Standing Rock Sioux Tribe calls on President Barack Obama to stop the Dakota Access Pipeline

Water protectors being attacked

Native Americans and other water protectors being attacked by militarized law enforcement.

“This is how it’s done. When people are sitting on shit you want, you make them your enemy. Then you’re justified in taking it.” – Jake Sully (Avatar)

The leader of the Standing Rock Sioux Tribe called on President Barack Obama to stop the Dakota Access Pipeline today, after a clash last night that protest organizers say left 17 people hospitalized and scores more injured after law enforcement unleashed water, rubber bullets and tear gas on demonstrators in below-freezing temperatures near Cannon Ball, North Dakota.

“The easement to build the unsafe Dakota Access Pipeline has not been granted. But under the cover of darkness, North Dakota law enforcement continues to engage in unlawful and dehumanizing tactics to subdue peaceful water protectors with tear gas and water cannons,” Dave Archambault II, the chairman of the Standing Rock Sioux Tribe, said in a statement today. “Live video footage on Facebook this Sunday night (Nov. 20) clearly document that North Dakota’s law enforcement and government officials have sanctioned aggressive acts in failed attempts to disperse water protectors who have the right to demonstrate against and report on this failing project. It’s time for President Obama to condemn these tactics and this pipeline.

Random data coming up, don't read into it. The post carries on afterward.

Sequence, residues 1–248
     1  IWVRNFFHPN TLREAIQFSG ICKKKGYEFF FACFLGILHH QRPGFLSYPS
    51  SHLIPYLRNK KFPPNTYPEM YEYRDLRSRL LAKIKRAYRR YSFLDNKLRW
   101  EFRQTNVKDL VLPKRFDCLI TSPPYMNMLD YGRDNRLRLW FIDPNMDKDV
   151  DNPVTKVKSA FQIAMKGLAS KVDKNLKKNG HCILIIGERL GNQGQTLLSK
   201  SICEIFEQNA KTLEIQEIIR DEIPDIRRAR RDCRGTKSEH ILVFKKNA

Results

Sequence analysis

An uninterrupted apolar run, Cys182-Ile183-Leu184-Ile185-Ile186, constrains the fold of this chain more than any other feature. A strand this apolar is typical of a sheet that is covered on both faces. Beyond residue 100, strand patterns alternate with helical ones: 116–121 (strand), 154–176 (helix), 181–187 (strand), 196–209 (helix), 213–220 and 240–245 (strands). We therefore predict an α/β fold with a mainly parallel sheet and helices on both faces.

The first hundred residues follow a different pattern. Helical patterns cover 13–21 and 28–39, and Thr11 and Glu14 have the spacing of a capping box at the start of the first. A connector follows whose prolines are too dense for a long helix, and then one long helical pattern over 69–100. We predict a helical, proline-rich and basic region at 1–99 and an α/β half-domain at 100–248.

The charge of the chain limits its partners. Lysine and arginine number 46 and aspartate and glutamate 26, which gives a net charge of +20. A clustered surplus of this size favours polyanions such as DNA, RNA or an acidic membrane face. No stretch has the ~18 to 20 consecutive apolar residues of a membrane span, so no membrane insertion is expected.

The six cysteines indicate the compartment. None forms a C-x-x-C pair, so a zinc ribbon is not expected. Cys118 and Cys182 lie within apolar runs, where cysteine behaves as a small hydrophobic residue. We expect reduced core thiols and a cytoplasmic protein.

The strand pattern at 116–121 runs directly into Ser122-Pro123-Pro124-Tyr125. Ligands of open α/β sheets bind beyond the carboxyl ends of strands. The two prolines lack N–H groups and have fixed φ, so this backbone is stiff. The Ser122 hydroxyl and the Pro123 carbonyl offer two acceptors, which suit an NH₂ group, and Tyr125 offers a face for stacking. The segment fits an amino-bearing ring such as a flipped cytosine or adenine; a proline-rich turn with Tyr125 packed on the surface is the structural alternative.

“Our culture, our children and our homelands have repeatedly been stolen from us,” Archambault added. “We are deeply saddened that despite the millions of Americans and allies around the world who are standing with us at Standing Rock, a single corporate bully — backed by U.S. government taxpayer dollars through a militarized law enforcement — continue[s] to be sanctioned by aggressive, unlawful acts. President Obama, this cannot be your legacy.”

The clash on Sunday took place after demonstrators gathered on the Backwater Bridge, north of a protest camp in Morton County, according to authorities. About 400 people attempted to breach a law enforcement blockade on the bridge to go north on Highway 1806. The Morton County Sheriff’s Department described it as a “riot.”

The standoff at the bridge comes after months of tension between law enforcement and demonstrators who are pushing to block construction of the four-state Dakota Access Pipeline, which the Standing Rock Sioux Tribe says threatens its water supply and traverses sacred sites. The company building the pipeline has argued that these claims are unfounded.

Read the entire November 21, 2016 ABC News story at